McGuire makes an artful muse out of solipsism. His last major release, Living With Yourself (also on Editions Mego), featured home-shot candids scrapbooked across the cover and sonic portraits that were pastoral, intimate, and downright gorgeous. The songs here feel similarly personal (and often pretty), but at times McGuire seems to be struggling to connect with them.

In skirting the thin line between coffee house twaddle and genuinely heartfelt yearning, McGuire is still able to lean toward the latter, but it occasionally seems that he is far too comfortable dancing on the edge of the former. “Radio Flyer” has a lightness to it that’s practically twee in its innocence. The tensionlessness of its constant glow is nice, but also more than a tad impotent. And at 10 minutes, it consumes a large chunk of A Young Person’s second disc. “Marfa Lights” is the exact opposite, a slow builder in deep concentration whose drama heightens as the seconds tick. Yet, its affect is all in simple chord changes, like Neil Young’s solo in “Down By the River”, a rocker for the post-rock set.

That paced escalation is kind of McGuire’s bag here and, though he can use it masterfully, one can’t help wondering what Holgar Czukay would make out of chopping and pasting together bits of McGuire’s catalogue and throwing some Jaki Liebezeit percussion under it. For all the delight within the noisy feedback smears that invade the anxious echoplexed ticks of “Flight”, the track feels absent a rhythm to better elucidate its nervous energy. Restrictions become hindrances in this case, which is a hard notion to conceive in a music world of 2011 that could really stand to censor itself more.

Yet, there’s also “Ghosts Around the Tree”, whose piecemeal structure sounds too distracted, rescinding the initial estrangement of buried chants, haunting SFX, and gothy melodies in favor of a more loose and debonair approach. The track actually seems more comfortable in its own skin by adopting the latter aesthetic, but one can’t help wondering what McGuire could have done had he channeled the dark promise of the opening, itself a bit of a departure for McGuire.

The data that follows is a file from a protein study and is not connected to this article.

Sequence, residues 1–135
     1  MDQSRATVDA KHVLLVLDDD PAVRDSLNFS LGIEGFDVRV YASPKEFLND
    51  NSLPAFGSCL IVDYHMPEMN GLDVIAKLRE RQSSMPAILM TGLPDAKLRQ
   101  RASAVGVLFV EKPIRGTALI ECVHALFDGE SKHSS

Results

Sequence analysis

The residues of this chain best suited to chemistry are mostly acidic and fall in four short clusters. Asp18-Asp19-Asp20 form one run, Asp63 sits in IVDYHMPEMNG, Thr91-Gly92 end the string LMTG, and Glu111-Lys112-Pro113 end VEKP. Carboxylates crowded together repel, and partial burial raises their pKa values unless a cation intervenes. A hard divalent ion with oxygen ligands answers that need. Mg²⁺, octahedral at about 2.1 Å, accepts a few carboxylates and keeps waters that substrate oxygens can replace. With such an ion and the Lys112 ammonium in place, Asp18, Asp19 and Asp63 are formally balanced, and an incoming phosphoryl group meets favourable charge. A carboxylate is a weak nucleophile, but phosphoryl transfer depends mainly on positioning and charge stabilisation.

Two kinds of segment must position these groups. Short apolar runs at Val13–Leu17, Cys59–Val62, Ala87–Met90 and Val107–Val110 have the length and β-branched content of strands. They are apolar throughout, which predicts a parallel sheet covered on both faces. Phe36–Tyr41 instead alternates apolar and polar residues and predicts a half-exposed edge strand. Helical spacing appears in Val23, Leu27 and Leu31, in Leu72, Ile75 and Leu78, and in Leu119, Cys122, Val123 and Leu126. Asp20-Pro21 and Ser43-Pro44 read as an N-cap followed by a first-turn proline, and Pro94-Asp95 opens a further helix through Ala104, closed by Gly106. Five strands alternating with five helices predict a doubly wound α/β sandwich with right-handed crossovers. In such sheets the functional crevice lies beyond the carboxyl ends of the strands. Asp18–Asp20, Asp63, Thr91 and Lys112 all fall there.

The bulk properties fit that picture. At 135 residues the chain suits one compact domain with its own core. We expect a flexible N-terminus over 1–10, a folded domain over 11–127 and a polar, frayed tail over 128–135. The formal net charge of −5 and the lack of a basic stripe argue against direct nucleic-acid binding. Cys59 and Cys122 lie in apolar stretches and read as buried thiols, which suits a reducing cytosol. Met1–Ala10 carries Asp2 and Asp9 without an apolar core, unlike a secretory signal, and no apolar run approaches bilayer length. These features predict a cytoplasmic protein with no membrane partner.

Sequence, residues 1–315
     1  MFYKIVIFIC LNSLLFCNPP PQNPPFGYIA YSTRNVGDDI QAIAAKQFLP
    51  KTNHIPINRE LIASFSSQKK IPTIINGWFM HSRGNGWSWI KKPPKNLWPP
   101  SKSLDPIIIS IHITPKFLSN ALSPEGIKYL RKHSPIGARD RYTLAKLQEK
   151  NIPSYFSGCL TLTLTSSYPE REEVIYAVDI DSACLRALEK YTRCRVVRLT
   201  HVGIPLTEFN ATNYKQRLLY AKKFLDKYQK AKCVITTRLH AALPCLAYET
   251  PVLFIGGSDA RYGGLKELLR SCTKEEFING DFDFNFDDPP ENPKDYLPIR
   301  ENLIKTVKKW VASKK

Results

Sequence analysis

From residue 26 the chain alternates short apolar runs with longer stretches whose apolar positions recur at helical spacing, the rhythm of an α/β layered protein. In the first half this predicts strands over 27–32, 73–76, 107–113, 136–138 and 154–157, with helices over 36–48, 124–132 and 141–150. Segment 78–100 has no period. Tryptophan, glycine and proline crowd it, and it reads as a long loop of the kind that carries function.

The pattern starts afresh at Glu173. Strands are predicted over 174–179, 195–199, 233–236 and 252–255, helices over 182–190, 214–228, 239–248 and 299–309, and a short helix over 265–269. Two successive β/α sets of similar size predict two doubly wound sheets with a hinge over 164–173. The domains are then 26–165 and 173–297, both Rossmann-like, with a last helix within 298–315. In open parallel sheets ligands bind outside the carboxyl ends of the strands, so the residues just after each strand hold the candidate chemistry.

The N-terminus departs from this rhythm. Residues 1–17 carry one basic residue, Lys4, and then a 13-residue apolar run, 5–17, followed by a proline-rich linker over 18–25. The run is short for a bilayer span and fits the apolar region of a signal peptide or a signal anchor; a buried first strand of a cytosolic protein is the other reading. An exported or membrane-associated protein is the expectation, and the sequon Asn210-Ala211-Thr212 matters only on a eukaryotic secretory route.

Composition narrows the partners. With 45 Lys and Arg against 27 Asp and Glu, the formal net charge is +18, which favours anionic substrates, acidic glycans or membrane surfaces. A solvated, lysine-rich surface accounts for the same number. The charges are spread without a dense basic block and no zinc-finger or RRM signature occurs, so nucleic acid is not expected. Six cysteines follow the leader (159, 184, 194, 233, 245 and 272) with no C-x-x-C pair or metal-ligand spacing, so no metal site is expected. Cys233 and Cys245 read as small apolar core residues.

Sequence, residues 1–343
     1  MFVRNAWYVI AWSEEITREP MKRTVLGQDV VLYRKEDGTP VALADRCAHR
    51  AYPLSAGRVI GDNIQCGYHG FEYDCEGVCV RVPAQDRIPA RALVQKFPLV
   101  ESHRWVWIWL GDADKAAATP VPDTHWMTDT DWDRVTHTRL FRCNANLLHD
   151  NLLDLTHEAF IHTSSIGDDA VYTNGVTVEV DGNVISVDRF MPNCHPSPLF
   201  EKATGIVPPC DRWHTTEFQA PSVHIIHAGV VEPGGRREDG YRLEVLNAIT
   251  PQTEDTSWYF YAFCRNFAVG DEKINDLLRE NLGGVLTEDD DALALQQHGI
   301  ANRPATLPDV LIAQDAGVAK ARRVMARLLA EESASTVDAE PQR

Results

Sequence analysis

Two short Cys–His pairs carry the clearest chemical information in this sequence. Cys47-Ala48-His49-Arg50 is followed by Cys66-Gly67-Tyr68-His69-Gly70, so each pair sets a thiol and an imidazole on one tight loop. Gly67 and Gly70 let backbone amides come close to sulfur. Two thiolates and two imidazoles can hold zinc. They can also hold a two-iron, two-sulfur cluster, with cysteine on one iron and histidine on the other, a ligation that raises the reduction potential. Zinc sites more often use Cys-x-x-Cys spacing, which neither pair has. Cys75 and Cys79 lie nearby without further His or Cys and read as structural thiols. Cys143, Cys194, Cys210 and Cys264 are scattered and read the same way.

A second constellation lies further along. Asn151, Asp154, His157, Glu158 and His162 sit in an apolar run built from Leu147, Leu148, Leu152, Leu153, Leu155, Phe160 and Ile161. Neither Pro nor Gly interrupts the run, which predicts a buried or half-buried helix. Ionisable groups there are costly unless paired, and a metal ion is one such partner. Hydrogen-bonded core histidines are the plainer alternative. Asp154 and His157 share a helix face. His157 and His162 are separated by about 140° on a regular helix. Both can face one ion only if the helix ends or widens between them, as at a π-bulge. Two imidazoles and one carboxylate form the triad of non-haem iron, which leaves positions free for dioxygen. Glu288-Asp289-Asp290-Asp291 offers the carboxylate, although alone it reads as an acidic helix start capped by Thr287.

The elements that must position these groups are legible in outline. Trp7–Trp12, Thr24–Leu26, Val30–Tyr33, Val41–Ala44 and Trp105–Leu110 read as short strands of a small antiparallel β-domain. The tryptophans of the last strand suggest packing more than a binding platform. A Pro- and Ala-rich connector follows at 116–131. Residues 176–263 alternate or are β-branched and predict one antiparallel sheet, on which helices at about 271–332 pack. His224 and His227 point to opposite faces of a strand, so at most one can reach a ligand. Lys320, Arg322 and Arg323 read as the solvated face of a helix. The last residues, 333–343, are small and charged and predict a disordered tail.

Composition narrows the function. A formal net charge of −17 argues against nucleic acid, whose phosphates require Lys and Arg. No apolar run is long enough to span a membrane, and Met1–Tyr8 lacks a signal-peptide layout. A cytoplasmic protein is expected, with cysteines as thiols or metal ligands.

This is not to say that there isn’t some “Sick Chemistry”, as one track of mammoth feedback-laced theater organ-sounding drone puts it, that will fondle and massage the eardrum in satisfying ways throughout. Even the most colloquial of riffs can detonate into a frenzy of impressive effects in the course of a measure or in the flicker of a tempo change. Plus, it’s hard to stay mad at an album that is this welcoming. McGuire puts out a lot of music (with this review, we’re already several releases behind). So, compilations of this sort are going to prove necessary, particularly if he keeps up on his current release schedule. A Young Person’s Guide may not showcase all McGuire can accomplish, but it’s a good primer, a young person’s guide if you will, on the kind of things of which he is capable.




Reading Pandemics

Pandemic, Hope, Defiance, and Protest in 'Romeo and Juliet'